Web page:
Git Status on Prompt
When you edit files in terminal, you can’t really tell how many files have been changed, staged and/or committed at a glance.
bash-git-prompt is an open source utility that helps you keep track on files under Git. Once you install it (the instruction is on their site), you can see the basic statistics in the prompt.
All up to date
File has been added but not staged yet
File has been staged
File has been committed but not pushed to the remote server
File has been changed but not staged
All the file status under Git can be accessed by executing the following command:
It’s very convenient to be able to on the prompt without having to execute it.
I just came up with a way to start a Oracle VirtualBox VM with bash. Here is the code.
cnt=$(VBoxManage showvminfo $vmname | grep -c 'running (since')
if [ $cnt -gt 0 ]; then
logger "$vmname VM is already running"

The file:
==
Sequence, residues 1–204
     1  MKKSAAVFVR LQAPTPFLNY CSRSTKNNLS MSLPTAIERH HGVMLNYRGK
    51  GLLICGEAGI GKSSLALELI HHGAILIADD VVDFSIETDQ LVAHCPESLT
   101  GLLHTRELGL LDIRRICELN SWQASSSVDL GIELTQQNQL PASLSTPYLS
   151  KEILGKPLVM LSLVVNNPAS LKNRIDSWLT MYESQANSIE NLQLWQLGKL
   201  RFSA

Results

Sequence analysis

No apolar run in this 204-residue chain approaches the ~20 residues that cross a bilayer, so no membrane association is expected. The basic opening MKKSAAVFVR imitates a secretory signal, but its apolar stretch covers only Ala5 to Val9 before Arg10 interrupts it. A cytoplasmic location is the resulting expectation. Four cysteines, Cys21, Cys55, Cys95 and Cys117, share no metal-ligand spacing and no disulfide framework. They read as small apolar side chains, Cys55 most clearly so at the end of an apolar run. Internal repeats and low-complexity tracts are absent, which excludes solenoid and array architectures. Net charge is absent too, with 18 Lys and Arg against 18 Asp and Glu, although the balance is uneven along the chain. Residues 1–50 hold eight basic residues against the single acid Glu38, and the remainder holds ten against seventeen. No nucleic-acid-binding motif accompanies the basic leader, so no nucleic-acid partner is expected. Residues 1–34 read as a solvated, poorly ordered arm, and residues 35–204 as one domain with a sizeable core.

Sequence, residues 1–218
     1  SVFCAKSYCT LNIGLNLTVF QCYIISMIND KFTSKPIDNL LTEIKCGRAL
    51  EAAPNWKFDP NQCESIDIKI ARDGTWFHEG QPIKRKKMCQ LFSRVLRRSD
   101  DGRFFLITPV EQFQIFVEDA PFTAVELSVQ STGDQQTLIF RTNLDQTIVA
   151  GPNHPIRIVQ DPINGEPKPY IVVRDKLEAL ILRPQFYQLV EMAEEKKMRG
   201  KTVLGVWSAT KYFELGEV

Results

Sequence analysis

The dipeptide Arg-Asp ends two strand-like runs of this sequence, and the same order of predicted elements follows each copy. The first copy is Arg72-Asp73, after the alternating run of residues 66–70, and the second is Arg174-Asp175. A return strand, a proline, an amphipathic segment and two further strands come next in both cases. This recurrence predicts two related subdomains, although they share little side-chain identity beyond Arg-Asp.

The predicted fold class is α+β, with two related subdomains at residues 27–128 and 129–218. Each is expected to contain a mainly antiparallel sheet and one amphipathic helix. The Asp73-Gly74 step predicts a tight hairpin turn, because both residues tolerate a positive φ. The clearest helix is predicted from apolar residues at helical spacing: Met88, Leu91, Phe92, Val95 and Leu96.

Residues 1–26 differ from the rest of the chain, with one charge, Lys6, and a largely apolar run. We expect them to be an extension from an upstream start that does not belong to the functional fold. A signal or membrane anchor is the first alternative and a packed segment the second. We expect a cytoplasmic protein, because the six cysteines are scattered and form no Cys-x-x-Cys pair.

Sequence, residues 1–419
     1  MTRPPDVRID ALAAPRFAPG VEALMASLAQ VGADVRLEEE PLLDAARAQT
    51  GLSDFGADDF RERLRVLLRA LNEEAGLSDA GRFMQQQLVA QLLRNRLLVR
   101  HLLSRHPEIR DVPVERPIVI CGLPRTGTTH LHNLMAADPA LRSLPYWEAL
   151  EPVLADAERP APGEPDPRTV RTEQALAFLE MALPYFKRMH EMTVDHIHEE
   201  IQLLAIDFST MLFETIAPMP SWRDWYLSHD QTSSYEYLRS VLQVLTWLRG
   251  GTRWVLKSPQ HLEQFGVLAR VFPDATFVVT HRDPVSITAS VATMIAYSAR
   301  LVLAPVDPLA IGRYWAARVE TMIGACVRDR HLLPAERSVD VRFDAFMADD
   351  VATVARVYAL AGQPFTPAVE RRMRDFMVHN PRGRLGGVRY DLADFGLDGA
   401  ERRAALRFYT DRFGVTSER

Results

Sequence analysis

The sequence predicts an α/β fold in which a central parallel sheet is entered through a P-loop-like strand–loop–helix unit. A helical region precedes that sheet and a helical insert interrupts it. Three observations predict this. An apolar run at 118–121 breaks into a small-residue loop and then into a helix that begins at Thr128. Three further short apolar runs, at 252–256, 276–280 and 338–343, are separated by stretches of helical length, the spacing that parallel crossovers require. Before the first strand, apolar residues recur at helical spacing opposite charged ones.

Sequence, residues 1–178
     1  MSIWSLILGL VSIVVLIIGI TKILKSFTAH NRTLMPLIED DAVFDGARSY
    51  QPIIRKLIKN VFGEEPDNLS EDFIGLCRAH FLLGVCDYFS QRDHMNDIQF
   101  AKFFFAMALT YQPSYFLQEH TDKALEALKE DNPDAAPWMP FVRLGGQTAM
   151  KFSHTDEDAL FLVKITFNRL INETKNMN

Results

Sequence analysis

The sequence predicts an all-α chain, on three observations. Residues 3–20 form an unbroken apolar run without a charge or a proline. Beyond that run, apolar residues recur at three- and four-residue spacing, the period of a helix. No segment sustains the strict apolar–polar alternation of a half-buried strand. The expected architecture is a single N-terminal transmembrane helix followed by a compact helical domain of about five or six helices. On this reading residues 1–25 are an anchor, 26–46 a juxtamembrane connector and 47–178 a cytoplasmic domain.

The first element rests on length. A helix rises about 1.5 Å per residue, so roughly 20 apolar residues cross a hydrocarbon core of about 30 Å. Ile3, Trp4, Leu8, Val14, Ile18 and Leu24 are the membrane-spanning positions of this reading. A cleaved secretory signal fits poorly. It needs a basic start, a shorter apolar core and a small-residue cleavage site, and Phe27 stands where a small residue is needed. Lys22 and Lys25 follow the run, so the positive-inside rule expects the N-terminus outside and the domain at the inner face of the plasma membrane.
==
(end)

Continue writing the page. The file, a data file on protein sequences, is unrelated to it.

logger "Starting $vmname VM..."
VBoxManage startvm $vmname --type headless
logger "$vmname VM started successfully"
The line #3 checks if it can find ‘running (since’ string in the standard output after running VBoxManage showvminfo $vmname and it assigns the occurrence count to cnt variable.
logger is the command you use to write log to /var/log/syslog. If the cnt value is greater than 0 (a positive number), it writes out a message indicating that it’s already running in /var/log/syslog.
If it detects the VM is not running, it executes VBoxManage startvm $vmname –type headless to start the virtual machine.
This bash script could be run on startup or periodically in crontab or just be executed by hand.
Edit: If you add the following line to your crontab -e, it automatically starts the VM on startup.